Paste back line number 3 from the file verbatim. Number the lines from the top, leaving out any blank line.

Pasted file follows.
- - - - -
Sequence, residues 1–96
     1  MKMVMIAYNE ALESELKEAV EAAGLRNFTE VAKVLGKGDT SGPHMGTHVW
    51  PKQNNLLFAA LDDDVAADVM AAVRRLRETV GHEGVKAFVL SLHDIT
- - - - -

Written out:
    51  PKQNNLLFAA LDDDVAADVM AAVRRLRETV GHEGVKAFVL SLHDIT